Frank Ottomanelli, the owner of S. Ottomanelli & Sons Prime Meats in New York, said on Monday that he has been forced to raise prices between 5 and 10% because of inflation.
Speaking from his location in Queens, N.Y. during a live interview on "Varney & Co.," Ottomanelli said he tried to do everything he could to keep prices "down as much as possible" as the price for everything, including rent and gas, continue to rise and are hitting 40-year highs.
"We have a legion of customers coming into Ottomanelli for years and years and years. We want to keep the customer base," he said. "We didn’t want to scare them away, so we did everything possible for them to keep coming back again."
The Labor Department said last month the consumer price index (CPI) – which measures a bevy of goods including gasoline, health care, groceries and rents – rose 8.5% in March from a year ago, the fastest pace since December 1981, when inflation hit 8.9%. Prices jumped 1.2% in the one-month period from February, the largest month-to-month jump since 2005.
Price increases were widespread: Energy prices rose a stunning 11% in March from the previous month, and are up 32% from last year. Gasoline, on average, costs 48% more than it did last year after rising 18.3% in March on a monthly basis as the Russian war in Ukraine fueled a rapid increase in oil prices.
Food prices have also climbed 8.8% higher over the year and 1% over the month, with the largest increases in cereal and bakery products (10%), poultry, fish and meat (13.8%), fresh fruits and vegetables (8.1%), and eggs (11.2%).
The inflation data for April will be released next week.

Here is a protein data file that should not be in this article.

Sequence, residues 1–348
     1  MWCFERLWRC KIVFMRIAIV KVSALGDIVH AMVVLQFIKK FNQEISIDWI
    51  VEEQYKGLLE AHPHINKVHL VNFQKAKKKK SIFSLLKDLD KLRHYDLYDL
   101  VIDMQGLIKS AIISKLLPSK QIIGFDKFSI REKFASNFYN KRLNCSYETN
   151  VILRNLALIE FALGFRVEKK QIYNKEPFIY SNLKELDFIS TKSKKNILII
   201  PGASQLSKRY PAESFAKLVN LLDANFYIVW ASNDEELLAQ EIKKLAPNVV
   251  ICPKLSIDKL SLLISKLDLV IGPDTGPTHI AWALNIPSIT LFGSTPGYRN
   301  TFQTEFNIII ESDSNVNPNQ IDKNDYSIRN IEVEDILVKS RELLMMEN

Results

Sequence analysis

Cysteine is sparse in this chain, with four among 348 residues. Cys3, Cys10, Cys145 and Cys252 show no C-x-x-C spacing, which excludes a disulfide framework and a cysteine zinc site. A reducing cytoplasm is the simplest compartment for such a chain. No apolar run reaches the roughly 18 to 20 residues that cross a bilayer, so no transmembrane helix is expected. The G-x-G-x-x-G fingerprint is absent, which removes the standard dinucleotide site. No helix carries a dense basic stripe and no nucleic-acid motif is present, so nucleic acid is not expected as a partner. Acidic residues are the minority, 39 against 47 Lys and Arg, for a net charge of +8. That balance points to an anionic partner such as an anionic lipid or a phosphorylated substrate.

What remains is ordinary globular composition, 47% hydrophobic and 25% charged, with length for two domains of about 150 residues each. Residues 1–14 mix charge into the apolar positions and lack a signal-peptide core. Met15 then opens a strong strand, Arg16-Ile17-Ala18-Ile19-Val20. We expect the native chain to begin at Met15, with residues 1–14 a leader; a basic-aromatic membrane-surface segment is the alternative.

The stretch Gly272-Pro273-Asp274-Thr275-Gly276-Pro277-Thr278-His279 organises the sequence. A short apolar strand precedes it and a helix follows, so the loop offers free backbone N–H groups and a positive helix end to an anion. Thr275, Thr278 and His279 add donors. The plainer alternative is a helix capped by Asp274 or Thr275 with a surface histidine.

Ottomanelli noted that the price hikes are "not in proportion."
He pointed out that people "are making more money, but we have inflation that’s causing things to go up even further than what they’re making."
Rising inflation is eating away at strong wage gains that American workers have seen in recent months: Real average hourly earnings decreased 0.8% in March from the previous month, as the 1.2% inflation increase eroded the 0.4% total wage gain, according to the Labor Department. On an annual basis, real earnings fell 2.7% in March.
According to the U.S. Department of Agriculture’s food price outlook, beef and veal prices are now predicted to increase between 6 and 7%; pork prices are predicted to increase between 4 and 5%; and other meat prices are predicted to increase between 3.5 and 4.5% in 2022.
The aggregate categories of meats, poultry, and fish are predicted to increase between 5.5 and 6.5%, and meats are predicted to increase between 4.5 and 6.5% in 2022, according to the USDA.
Poultry prices are now predicted to increase between 7.5 and 8.5%, the department added.
FOX Business’ Megen Henney contributed to this report.